Tony: The life of a writer is complicated by the fact that we are constantly thinking of new ideas for writing poems, stories, essays, etc., but there are not enough hours in a day and our lives are made that much more difficult because most of us have to go out and earn a living in order to do what love to do. So, we have to try and keep our minds and projects in order. I have written a few books simultaneously but when you are working on a larger project, like a traditional novel or a graphic novel, you pretty much have to be immersed in the world of those characters and their stories. I have to keep notepads handy and I have to learn how to focus on one project at a time, unlike reading where I can have about 6 or 7 books going at the same time! I usually narrow down what I want to write about by what I am compelled by: a certain idea, story, news item, or current societal problem that nags at me. Sometimes characters pop up in your head telling their story, demanding to be heard. Poems may seize hold of you and you are compelled to write them and rewrite them until you get them right. Other times, an editor may approach you with an idea for a book and you like the idea and want to work with that editor, and so you run with that, and that has a certain level of excitement knowing you have a book contract, which is a great motivator. Sometimes you just force yourself to write something (because you are a writer after all and in order to be considered a writer you have to write, no?) and you don’t know where that will take you, and you end up with something. That’s all part of the magic of creativity.
BtB: Do you have any kind of writing process?
Tony: I have been trying to find a serious writing process for about fifteen years or so. But, to no avail. I started out writing by inspiration, but you learn early on that that can get you but so far as a writer. So you have to force yourself to write. I have been too busy, too lazy, or too distracted to employ a writing routine or schedule. But I have been striving for that kind of discipline in my writing life. I do know one thing, I really work well when I am contracted to write a book and have an imposed deadline to meet. I just have to take that approach to writing projects that are not under contract. I basically have to create my own writing deadlines and adhere to them. In order to be successful, you must see writing as a ritual, as a discipline that gets better the more it’s practiced.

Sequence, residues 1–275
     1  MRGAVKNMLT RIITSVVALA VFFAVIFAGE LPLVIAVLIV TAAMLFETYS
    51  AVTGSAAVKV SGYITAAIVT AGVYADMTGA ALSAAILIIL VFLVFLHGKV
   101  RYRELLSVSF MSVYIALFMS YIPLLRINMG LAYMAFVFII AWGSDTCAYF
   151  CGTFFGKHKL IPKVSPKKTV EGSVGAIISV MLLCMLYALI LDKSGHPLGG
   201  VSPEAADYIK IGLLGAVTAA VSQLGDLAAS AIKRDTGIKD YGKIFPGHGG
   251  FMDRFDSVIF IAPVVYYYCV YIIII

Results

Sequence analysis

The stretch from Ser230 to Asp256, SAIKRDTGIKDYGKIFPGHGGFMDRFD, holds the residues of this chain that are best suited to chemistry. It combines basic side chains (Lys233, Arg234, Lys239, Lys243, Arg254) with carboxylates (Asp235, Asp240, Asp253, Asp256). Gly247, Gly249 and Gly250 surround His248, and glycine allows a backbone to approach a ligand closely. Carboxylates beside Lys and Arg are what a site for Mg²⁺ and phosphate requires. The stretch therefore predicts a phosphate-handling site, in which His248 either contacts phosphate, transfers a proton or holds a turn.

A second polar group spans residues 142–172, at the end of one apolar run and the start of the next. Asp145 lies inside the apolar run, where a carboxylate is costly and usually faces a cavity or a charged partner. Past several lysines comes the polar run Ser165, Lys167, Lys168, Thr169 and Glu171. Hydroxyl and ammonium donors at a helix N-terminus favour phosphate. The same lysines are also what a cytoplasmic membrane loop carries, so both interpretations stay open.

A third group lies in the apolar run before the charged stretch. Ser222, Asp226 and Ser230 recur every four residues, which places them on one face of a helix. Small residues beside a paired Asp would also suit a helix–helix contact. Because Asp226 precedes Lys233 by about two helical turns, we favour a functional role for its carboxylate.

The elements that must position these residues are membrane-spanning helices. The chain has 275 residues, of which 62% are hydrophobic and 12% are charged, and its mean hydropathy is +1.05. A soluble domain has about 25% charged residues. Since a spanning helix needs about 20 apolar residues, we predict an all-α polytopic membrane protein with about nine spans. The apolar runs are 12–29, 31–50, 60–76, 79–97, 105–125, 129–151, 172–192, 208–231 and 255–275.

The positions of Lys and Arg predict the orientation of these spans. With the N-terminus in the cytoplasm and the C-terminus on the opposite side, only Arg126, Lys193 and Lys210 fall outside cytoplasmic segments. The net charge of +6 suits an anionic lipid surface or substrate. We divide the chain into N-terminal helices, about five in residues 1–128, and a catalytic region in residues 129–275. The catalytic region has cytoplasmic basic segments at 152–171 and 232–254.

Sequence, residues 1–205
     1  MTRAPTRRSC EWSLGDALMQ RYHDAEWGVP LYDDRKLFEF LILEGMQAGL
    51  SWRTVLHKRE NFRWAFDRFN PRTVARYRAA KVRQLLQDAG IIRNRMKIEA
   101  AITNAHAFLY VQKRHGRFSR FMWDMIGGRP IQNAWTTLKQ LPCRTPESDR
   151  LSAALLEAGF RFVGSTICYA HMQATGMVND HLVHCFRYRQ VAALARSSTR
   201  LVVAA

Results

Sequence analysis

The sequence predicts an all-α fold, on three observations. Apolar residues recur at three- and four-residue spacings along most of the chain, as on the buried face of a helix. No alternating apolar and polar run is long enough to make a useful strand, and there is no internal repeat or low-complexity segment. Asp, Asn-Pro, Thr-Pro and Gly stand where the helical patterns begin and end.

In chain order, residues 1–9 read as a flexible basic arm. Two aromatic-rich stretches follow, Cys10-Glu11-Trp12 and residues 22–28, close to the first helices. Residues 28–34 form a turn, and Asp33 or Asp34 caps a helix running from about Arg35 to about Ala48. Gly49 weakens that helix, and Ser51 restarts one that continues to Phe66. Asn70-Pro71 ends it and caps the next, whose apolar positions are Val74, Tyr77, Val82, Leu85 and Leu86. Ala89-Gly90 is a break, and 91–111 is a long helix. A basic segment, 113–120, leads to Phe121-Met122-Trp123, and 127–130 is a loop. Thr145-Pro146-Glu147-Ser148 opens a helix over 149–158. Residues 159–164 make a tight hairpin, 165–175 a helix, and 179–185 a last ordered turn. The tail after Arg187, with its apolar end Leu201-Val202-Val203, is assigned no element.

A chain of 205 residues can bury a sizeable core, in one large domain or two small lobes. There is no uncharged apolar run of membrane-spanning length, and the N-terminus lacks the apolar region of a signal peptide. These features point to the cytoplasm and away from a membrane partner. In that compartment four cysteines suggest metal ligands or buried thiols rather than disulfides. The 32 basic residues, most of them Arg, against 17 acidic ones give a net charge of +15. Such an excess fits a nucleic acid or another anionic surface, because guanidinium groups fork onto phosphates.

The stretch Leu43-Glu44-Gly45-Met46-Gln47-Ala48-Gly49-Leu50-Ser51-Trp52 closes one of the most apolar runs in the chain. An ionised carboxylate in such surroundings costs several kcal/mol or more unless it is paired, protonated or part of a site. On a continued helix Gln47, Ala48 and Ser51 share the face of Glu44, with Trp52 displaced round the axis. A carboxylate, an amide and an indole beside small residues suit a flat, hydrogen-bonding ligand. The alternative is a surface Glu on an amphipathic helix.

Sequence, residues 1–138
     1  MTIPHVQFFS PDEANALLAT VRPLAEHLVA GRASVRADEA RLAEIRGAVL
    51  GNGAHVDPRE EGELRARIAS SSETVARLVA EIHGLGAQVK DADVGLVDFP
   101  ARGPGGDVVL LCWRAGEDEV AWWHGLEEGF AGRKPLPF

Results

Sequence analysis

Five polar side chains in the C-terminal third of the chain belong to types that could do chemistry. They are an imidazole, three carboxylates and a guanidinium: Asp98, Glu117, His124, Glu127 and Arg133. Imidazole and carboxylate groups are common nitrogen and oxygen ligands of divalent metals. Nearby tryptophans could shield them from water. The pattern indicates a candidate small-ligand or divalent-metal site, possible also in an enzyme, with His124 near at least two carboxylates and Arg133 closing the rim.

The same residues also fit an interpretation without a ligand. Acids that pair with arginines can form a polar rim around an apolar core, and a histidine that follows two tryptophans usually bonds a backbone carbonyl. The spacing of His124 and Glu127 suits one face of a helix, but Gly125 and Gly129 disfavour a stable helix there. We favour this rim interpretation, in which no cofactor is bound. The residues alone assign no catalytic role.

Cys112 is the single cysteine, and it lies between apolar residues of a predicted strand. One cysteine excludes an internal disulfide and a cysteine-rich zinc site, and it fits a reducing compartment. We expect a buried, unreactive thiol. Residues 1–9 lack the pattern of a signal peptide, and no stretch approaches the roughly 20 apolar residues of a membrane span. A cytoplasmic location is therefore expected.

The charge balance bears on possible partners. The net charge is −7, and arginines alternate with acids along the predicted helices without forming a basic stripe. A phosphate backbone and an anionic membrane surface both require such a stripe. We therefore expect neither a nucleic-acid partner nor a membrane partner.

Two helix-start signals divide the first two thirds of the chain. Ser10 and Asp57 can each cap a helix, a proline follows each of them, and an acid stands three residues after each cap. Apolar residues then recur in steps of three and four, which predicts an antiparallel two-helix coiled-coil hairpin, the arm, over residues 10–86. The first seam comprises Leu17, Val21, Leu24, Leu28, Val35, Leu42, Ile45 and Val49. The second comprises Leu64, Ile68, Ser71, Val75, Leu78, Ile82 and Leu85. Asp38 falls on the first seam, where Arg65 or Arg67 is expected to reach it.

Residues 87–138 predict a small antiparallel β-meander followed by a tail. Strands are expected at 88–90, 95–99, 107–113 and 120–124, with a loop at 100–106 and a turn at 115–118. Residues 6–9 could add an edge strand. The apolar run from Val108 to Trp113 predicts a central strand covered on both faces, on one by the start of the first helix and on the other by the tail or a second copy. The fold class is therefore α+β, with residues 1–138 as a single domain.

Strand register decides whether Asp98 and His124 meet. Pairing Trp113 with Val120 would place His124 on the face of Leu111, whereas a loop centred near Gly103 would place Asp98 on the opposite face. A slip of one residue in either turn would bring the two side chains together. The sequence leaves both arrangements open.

BtB: Anything new in the works?
Tony: I have my first graphic novel, I Am Alfonso Jones (Tu Books), which came out in October 2017 and I have a children’s picture book, Thirteen Ways of Looking At a Black Boy (Penny Candy Books), which comes out February 2018, and features the artwork of thirteen artists, some of whom are established and beloved children’s book illustrators and authors in their own right. And hopefully I will be inspired to write and publish more books young people can get behind. (You see what I did there!)
This guest blog was penned by Sarah Jane Weill.